31 Jul 2008

From the Drawing Board Column in the Trib back in March:

‘The Irish have a genius for conspiracy rather than government.’ – Winston Churchill. As much as I’m reluctant to do it, twelve years back in Ireland observing the planning system up close, I have to concede that if you read his thesis not that the Irish have a grand conspiracy to rule the world but, rather, that we insinuate dark motives in whispered conversations in County Hall corridors, he may have had a point. Let me illustrate. 

About two years ago a small developer and his team of consultants lodged a planning application for a nice little proposal to regenerate an urban site in one of our bigger cities. It involved locating an art house cinema and apartments in a new building to the rear of a disused Protected Structure which, itself, was to be tastefully renovated as part of the design.

The Protected Structure in question was in appalling condition - falling down, syringe strewn and frighteningly grafittoed from the days when it was used as an, em, apartment building. In recent years it had been abandoned to the elements and had become an eyesore.

In their proposal, the consultants went to great efforts to ensure that the Protected Structure (old, but no Palladian beauty) would be restored. Crucially, the Protected building was to be reused.

Unsurprisingly, the City Council granted planning permission.

Surprisingly, the decision was appealed to An Bord Planeala, by the Minister for the Environment, on the grounds that the proposal wasn’t, in various ways, respectful enough of the ‘Protected’ status of the existing structure.

An Bord, unsurprisingly, cowed in the face of the Minister’s submission and overturned the Council’s decision.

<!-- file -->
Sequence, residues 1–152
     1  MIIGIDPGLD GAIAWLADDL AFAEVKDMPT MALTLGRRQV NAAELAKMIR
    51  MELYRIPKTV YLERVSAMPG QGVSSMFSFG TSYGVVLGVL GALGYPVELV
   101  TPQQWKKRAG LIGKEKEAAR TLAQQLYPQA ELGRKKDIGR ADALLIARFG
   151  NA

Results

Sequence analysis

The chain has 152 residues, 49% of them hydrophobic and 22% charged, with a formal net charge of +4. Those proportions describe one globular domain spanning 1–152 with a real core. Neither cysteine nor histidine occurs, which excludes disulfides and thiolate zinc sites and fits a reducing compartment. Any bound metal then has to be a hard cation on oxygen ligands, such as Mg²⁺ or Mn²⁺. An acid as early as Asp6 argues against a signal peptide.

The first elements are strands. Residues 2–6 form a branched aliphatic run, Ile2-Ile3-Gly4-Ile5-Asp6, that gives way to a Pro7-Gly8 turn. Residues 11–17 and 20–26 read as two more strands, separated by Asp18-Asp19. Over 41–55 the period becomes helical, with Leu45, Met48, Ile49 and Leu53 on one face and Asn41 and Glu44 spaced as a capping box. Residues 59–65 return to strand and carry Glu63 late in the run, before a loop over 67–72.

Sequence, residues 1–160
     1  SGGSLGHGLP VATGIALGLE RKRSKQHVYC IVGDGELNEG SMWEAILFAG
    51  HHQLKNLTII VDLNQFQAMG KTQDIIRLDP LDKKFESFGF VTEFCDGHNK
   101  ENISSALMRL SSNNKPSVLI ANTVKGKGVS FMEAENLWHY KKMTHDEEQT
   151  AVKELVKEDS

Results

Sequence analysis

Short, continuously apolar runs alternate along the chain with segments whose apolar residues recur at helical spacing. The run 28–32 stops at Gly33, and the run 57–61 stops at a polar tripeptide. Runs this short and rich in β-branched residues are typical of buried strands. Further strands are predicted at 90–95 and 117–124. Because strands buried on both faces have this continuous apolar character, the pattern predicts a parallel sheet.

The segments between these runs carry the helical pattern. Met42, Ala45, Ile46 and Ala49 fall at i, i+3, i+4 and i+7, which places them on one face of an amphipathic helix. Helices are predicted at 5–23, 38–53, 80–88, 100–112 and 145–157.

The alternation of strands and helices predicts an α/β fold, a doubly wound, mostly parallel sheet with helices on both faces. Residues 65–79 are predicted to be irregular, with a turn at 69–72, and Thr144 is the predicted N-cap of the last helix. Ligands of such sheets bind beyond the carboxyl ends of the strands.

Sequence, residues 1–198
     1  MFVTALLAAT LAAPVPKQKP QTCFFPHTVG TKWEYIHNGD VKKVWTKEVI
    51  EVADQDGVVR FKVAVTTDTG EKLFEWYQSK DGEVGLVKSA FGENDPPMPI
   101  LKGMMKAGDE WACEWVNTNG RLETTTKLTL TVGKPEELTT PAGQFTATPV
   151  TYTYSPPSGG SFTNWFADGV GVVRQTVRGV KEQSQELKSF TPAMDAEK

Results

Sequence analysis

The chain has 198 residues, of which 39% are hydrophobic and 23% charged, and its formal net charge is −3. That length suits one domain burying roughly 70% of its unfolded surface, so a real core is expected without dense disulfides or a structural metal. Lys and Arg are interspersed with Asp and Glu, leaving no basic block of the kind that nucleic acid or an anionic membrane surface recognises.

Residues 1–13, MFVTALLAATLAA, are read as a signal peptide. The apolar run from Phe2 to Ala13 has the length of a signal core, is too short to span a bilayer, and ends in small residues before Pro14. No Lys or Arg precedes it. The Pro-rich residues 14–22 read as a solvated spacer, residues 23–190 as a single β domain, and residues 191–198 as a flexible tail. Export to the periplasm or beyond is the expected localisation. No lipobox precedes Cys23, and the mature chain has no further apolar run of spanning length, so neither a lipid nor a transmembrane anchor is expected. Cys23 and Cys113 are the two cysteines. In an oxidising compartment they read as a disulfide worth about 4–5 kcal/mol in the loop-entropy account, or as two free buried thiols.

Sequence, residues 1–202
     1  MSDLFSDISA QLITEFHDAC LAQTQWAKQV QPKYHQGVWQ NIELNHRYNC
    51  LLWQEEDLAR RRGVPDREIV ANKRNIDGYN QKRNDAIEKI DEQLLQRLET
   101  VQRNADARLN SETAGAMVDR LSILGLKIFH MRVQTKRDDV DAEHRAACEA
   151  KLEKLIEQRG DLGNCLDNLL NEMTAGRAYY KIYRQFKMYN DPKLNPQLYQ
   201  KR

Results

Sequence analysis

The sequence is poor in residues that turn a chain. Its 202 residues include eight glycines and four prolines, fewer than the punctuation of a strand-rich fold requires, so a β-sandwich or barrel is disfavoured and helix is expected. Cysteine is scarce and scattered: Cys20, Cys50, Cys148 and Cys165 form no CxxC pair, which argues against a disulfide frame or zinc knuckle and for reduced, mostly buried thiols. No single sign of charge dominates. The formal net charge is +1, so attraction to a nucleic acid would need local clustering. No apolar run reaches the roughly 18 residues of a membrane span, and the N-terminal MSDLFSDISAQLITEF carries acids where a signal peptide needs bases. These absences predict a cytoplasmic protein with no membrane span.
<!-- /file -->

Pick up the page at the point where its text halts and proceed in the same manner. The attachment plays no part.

(Somewhat surprisingly, it was later discovered that the Minister’s decision to appeal the case to An Bord was without the benefit of a site visit – his officials made up their minds from their Dublin desks having read only the material included in the planning application. Sharp practise, considering an appeal to An Bord by the Minister is no small matter.)

On the strength of this example, I’ve demonstrated that the planning system is archly conservative and reacts severely to things it doesn’t like. But does it treat all planning applications the same way, or do Churchill’s corridor whisperers influence outcomes? We’ll soon get an idea.

In a project which in crucial ways is strikingly similar to the anonymous one I spoke about above, Dublin City Council has just granted planning approval to U2 to renovate and extend the Clarence Hotel. The proposal involves some serious intervention to neighbouring Protected Georgian houses (of far better quality than the building in the application in that other city).

So, if the planning system is consistent, the Minister will now unequivocally appeal the decision to An Bord Planeala (without visiting the project site) on the grounds that the proposal is not respectful enough to the adjacent Protected structures. And An Bord Planala will, like one of Pavlov’s dogs, endorse the Minister’s decision without being swayed in its deliberations by the likely international media interest that an unfavourable decision against a Norman Foster designed, U2 backed project will inevitably attract.

Its not going to happen this way, is it?

(By the way, if you’re familiar with Foster’s work but haven’t seen his Clarence hotel designs, I can confirm that it does have a light-headed-media-pronounced-‘stunning’, glazed-roofed, ‘skycatching,’ central element. Unsurprisingly.)    

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